In prepared testimony submitted to the Assembly Budget Committee, New Jersey Transit Executive Director Richard Sarles said that the agency’s FY2010 budget does not include a fare increase for riders, despite a cutback in state operating support for the agency.
Sarles said the agency will balance its budget by cutting administrative expenses by $22.5 million to partly offset the shortfall, as well as benefit from federal funds made available from the U.S. Department of Transportation.
The agency has reduced administrative cost to an all-time low with expenses now accounting for only eight cents out of every operating dollar, with a full 92 cents going to service delivery, said Sarles. He also noted that NJ Transit is more cost effective than its peer agencies on a cost-per-passenger-mile basis.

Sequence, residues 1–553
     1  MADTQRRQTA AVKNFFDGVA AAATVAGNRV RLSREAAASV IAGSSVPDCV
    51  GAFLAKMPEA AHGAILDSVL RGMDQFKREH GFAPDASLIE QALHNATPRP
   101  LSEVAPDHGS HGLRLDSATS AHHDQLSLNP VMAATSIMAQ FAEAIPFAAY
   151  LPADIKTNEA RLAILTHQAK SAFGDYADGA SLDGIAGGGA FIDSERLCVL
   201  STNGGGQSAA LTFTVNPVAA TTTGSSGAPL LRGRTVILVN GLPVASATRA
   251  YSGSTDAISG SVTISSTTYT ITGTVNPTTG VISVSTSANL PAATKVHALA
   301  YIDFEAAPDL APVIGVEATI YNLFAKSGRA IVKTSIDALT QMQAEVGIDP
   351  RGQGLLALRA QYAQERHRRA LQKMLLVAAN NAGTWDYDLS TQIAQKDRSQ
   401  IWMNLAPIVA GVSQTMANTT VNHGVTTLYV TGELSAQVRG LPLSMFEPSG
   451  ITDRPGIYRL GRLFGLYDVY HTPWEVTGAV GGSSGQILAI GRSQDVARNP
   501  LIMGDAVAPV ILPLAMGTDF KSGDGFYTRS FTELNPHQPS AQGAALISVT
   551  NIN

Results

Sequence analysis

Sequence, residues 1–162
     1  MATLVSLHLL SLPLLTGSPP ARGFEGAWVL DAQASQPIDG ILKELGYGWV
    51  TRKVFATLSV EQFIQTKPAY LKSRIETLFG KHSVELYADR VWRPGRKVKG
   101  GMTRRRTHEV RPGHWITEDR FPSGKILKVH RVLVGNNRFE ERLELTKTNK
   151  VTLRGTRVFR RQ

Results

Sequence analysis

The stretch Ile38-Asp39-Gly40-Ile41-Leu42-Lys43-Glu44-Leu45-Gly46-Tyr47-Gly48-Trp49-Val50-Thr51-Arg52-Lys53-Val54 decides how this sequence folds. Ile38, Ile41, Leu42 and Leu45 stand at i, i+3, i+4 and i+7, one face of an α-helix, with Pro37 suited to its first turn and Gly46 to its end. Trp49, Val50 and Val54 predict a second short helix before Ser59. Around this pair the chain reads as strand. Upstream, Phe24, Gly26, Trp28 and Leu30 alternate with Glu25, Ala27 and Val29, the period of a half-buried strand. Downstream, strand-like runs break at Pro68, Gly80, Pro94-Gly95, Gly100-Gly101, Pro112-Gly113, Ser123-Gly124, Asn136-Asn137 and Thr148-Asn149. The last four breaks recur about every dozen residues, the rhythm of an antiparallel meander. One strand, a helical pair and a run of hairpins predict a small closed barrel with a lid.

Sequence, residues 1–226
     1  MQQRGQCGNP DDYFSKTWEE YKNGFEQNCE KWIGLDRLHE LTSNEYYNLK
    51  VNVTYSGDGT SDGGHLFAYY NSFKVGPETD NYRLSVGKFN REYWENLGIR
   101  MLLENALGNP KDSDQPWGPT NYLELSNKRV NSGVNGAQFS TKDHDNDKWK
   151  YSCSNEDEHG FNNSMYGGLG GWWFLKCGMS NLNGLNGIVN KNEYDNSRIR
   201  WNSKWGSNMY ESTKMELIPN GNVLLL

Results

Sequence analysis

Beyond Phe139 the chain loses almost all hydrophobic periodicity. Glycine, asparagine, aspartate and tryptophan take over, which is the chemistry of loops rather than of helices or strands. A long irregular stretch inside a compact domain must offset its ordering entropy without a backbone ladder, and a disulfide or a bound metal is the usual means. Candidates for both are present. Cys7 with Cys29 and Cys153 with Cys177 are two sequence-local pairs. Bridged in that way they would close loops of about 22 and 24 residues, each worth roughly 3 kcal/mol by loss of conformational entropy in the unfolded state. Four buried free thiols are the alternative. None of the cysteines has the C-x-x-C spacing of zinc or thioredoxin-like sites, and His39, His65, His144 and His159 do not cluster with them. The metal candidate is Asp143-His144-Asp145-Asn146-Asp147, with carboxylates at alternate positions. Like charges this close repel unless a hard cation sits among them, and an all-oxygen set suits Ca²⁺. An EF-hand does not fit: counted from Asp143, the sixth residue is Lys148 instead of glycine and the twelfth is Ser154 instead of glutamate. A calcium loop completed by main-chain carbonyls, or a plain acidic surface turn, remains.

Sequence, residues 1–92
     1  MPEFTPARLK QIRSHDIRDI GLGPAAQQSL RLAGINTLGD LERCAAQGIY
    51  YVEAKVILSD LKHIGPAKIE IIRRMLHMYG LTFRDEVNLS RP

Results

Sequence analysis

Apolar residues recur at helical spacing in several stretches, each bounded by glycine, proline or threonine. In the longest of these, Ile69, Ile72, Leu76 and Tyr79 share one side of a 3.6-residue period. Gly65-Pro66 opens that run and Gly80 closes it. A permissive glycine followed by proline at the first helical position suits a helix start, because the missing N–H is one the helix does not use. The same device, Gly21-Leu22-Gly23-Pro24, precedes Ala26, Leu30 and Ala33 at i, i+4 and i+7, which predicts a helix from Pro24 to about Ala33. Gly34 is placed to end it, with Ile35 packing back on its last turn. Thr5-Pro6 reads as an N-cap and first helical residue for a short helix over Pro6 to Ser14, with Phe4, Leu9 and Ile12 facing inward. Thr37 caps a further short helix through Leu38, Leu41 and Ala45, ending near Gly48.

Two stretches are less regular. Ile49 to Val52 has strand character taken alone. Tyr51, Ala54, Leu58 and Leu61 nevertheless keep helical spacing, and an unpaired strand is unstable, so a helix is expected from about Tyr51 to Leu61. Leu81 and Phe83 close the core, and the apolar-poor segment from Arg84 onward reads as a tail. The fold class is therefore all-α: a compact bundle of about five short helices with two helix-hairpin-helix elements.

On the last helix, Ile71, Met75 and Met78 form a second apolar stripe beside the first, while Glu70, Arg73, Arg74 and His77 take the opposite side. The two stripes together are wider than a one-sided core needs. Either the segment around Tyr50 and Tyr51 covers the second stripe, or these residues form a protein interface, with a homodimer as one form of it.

NJ Transit eliminated 140 jobs this year through attrition and early retirement, and has instituted both hiring and wage freezes for non-agreement employees. It also expects significant savings in FY10 from a dependent health benefit audit, reduced marketing expenses, and cut backs in printing and customer service call center hours made possible through technology that allows customers to get more information online.
The agency is also proposing a $1.3 billion capital program focused on safety and state of good repair investments, as well as expansion projects.